The Myth of Bland Chicken


So often in the fitness world people talk about the “bodybuilder diet” which apparenty consists of broccoli, rice, and “bland chicken”. The emphasis is always on bland. As in, if you want to be maximally lean and ripped you need to sacrifice your taste buds to the god of gainz. The idea that bodybuilders are just forcing horrible tasting food down their gullets is repeated over and over. It feeds into the myth that to eat “clean” means to sacrifice flavor in favor of optimal health – that eating “clean” is a “sacrifice” that requires vast amounts of willpower. The “bland chicken” myth also makes it sound like seasonings are somehow not conducive to the goals of leanness, muscle gain, or health in general. Nothing could be farther from the truth.

There are two main problems with the “bland chicken” myth. First, most bland chicken is simply overcooked. Chicken has a narrow range of acceptable temperatures that are optimal in terms of texture. You want it to be around 160-165 degrees F. Too little and it’s undercooked – too much over that and the chewy texture translates into the perception of “blandness”. I don’t care how much seasoning you put on there if you have to chew it for 60 seconds to get it down you’re not going to enjoy it. Furthermore, keep in mind that if you take the chicken out of the oven at 165 degrees it’s going to keep cooking in its own juices for another 5 minutes bringing the temperature higher than 165 and thus out of the optimal texture range.

Second, most bland chicken is underseasoned. More specifically, most bland chicken is undersalted.

Why? Because of another pervasive myth in the fitness/health world: salt is bad and we need to limit our intake of salt. Very very few people have a legitimate medical condition that requires limiting salt intake. For everyone else, I would wager they are not consuming enough salt. Chicken is a low-fat meat (“lean protein”) and because of that missing fat, needs to be heavily seasoned with salt. Most people’s concept of “liberal salting” is just a small pinch. Naw. You need to smother your chicken in salt. Every available square inch of exposed surface needs to be salted. Your taste buds will thank you. Kosher salt is the best for sprinkling because it disperses evenly.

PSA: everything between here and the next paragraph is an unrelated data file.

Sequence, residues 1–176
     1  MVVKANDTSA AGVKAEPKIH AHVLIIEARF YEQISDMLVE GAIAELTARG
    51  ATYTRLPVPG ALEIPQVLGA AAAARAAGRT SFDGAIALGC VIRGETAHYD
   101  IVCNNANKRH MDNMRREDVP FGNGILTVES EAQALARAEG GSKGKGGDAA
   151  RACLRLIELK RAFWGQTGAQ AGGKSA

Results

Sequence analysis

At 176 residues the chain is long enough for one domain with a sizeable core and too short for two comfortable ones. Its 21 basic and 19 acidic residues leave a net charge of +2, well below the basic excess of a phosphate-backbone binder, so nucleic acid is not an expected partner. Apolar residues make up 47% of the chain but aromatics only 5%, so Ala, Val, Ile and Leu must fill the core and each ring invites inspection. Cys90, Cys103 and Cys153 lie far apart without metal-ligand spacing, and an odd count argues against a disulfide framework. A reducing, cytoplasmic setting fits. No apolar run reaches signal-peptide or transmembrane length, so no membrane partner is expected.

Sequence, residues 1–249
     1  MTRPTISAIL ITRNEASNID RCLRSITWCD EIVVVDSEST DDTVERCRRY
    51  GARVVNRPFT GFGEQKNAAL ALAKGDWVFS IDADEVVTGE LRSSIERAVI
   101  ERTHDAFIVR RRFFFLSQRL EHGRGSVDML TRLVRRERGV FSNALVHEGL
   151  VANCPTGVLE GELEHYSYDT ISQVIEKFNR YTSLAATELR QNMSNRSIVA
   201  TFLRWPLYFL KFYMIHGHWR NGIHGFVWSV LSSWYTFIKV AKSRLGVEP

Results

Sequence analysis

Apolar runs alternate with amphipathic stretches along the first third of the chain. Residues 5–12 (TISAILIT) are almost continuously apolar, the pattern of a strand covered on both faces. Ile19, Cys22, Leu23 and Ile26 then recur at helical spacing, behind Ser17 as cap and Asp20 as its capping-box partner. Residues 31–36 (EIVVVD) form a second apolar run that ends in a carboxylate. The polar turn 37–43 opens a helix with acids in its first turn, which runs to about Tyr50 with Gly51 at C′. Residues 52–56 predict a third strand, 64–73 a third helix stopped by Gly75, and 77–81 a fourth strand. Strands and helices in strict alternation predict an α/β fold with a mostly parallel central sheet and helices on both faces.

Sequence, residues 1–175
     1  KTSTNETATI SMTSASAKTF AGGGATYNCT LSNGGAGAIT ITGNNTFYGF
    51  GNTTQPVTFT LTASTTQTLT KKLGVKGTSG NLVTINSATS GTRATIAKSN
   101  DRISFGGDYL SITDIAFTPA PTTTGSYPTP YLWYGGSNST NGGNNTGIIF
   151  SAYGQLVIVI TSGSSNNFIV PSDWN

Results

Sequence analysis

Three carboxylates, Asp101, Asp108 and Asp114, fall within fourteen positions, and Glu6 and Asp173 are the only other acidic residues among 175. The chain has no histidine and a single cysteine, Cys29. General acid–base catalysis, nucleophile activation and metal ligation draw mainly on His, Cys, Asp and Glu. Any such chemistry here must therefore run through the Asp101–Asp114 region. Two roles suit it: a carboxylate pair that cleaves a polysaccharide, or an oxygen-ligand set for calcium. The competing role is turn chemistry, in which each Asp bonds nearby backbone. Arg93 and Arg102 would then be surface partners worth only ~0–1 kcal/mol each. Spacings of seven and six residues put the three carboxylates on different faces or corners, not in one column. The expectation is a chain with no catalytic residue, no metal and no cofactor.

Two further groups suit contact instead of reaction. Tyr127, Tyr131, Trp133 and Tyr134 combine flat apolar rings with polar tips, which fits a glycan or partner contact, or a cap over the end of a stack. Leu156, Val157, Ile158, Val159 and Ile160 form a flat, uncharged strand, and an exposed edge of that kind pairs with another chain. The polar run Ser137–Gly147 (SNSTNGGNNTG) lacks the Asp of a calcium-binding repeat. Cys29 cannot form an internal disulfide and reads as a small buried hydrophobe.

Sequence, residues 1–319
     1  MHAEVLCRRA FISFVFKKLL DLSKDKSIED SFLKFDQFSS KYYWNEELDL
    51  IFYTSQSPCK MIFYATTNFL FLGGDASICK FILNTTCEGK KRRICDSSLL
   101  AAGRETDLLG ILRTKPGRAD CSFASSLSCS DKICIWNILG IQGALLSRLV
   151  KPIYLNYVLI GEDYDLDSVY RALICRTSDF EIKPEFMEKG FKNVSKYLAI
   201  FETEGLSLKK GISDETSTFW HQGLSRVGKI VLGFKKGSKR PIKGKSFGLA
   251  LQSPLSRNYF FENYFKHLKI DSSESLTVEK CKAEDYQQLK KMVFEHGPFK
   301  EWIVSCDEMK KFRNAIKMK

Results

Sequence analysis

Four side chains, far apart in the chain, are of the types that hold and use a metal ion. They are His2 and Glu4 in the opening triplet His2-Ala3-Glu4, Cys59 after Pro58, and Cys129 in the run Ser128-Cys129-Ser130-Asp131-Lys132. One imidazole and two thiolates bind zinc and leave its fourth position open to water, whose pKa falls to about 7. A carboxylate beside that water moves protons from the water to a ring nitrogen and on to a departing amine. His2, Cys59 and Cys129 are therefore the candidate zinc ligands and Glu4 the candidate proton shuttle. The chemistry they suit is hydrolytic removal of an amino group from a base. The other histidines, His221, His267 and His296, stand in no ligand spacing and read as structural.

So next time you hear someone talking about “bland chicken” keep in mind that the only thing bland about chicken is your bland cooking method, either overcooking it or underseasoning it. Salt is your friend! Learn to love salt! Our brains were designed to crave salt and it is extremely tasty to normal humans. Use this to your advantage and turn boring, bland “clean” foods like veggies and chicken into delicious foods that are not a sacrifice to eat.

I want to add a bonus tip: if you want to get the protein-benefits of eating chicken but don’t want to deal with the hassle of cooking raw meat then I highly suggest the more expensive but super convenient option of buying frozen pre-cooked grilled chicken at your supermarket. Walmart and Aldi both have good options (I love the Aldi ones the most). Make sure it’s not breaded (just check the carb content – should be zero).